This other guilt is equally bad for my job, equally unhelpful to my husband and the monkeys, and equally unhealthy for me. Yet I can’t seem to figure out how to get past it. Is it even possible to not feel guilty over not being with your kids when they’re sick? If I can get over the guilt about traveling for work and leaving home and childcare responsibilities to my husband, does it make me a bad mom? If I was the dad, would I even be writing this post? I know this last question isn’t quite fair, just like I know that there are some moms who do travel for work without the guilt. What I’d really like to know is, what’s their secret – and can I get some?

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One of my Strengthsfinders strengths that I’ve always identified with is input, which means that I’m a collector of information. In my case, it means that I’m an information addict, filing pieces away in my brain, overloading on data, never shirking a web search when more information might be out there that might be able to help me in some way that I can’t even imagine.

When I was pregnant and a new mom, it actually started to feel less like a strength and more like a weakness. Especially since the more books your read about getting your babies to sleep, eat or play, the more perspectives you can find about the ‘right way to do it.’ Ultimately, after consulting 6 different books about gas and finding 5 different answers ranging from it’s all in the parent’s head to your child could be seriously ill, I made a clean break and decided not to rely on books to help me rear my children.

Instinct, I decided, would be a way better teacher for me than information, and I vowed to stop reading the baby books. Oh yes, every once in a while I can’t resist, and still consult a chart that tells me what my kids should be able to do by now or an article that helps me decide whether they’re really sick or just have some evil cold. But for the most part, my husband and I have been going it alone since sometime before the monkeys’ first birthday.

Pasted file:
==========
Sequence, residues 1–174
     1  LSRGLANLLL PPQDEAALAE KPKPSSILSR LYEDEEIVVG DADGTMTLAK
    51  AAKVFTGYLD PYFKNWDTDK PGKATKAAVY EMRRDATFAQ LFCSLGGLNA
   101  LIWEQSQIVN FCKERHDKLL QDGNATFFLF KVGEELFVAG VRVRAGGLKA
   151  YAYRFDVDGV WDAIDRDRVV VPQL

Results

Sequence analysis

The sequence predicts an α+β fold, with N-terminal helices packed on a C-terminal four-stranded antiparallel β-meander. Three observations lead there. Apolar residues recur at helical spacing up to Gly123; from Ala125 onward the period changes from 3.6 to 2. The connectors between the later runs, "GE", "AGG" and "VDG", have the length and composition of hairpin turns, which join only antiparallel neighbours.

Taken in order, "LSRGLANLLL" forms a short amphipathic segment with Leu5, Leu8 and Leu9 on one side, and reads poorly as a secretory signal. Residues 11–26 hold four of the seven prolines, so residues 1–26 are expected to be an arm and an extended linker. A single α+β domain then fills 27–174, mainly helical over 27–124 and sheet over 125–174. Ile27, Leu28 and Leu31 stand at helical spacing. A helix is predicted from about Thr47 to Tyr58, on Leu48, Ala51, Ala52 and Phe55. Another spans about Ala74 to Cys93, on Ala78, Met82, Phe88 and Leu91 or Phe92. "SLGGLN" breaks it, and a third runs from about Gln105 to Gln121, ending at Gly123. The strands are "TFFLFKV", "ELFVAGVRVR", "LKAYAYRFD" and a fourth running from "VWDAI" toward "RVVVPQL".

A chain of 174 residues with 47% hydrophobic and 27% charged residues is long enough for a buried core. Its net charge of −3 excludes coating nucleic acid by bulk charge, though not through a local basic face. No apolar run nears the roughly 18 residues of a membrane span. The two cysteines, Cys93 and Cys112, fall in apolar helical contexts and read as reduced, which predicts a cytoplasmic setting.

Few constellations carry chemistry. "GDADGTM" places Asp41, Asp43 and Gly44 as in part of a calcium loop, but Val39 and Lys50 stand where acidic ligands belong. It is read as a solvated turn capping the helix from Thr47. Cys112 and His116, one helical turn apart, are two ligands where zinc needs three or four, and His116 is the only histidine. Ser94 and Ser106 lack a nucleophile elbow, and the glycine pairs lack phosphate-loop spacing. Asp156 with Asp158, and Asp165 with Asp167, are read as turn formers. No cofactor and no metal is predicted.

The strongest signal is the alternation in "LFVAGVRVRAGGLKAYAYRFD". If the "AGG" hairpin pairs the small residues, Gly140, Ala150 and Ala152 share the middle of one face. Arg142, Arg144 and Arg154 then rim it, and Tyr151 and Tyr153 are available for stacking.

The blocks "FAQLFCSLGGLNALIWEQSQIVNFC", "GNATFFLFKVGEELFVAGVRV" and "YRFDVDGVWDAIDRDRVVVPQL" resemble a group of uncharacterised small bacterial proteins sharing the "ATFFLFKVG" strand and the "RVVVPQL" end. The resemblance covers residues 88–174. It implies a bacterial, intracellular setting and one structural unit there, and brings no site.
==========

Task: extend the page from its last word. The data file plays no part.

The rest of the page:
Enter the era of the tantrum. Lately, my kids have been really stumping me. The whining. The crying. The defiance for defiance’s sake. It makes my head hurt just thinking about it. And while every once in a while I find myself coming up with an inspired way to handle their behavior, for the most part I have no freakin’ idea what to do.

So today, I read that Dr. Harvey Karp has come out with a new book, The Happiest Toddler on the Block. I’ve heard about his first book, The Happiest Baby on the Block, but never read it. And while I’m still really into the idea of parenting by intuition, I’m wondering if it has it’s limits. I mean, how many times can you use the same approach to address behavior and find that it doesn’t really work before you start questioning that approach.  

I haven’t read the book yet, but I’ve already learned something from reading the review of the book in the New York Times. The article goes into a bit of detail on Dr. Karp’s method for talking a toddler out of a tantrum. Instead of reasoning, or trying to soothe through calming adult language, Dr. Karp suggests talking toddler speak, mimicking your children’s language and phrasing. In response to a child’s wilful demands for a cookie, “Dr. Karp adopts a soothing, childlike voice to demonstrate how to respond to the toddler’s cookie demands. “You want. You want. You want cookie. You say, ‘Cookie, now. Cookie now.’ ”

Talking directly to toddlers in their own language shows them that you’re listening to them, and, Dr. Karp suggests, reinforces that you’re acknowledging their point of view. My guess is that it may also surprise them enough to shock them out of their tantrum. Gotta try that one.

This idea really resonates with me because it reflects the attitude I try to take when having conversations with clients and colleagues. When folks are frustrated or upset, the first thing I do is repeat their concerns to help them fell heard. Of course, when I do it with my kids, my instinct is to rephrase what they say in my own words. But I really like Dr. Karp’s suggestion of using their words and their phrasing to really drive home the point.

 So I’m intrigued. I probably will even buy the book. And it makes me think about the limits of intuition. As a consultant in an emerging field, I am often asked to solve problems that go beyond my area of expertise. Most of the time, that’s OK, because something that I’ve done before prepares me for what I have to do now. Even if I don’t have the exact experience of doing something, I have enough related experience to figure it out.